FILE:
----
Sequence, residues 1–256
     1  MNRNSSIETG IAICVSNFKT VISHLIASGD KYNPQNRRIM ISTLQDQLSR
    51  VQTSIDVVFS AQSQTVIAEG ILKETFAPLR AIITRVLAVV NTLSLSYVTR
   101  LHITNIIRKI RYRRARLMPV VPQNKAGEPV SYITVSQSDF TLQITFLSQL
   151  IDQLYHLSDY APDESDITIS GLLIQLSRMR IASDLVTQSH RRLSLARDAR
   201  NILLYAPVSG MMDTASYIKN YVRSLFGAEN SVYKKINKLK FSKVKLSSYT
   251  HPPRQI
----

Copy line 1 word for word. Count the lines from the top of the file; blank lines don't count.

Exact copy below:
Sequence, residues 1–256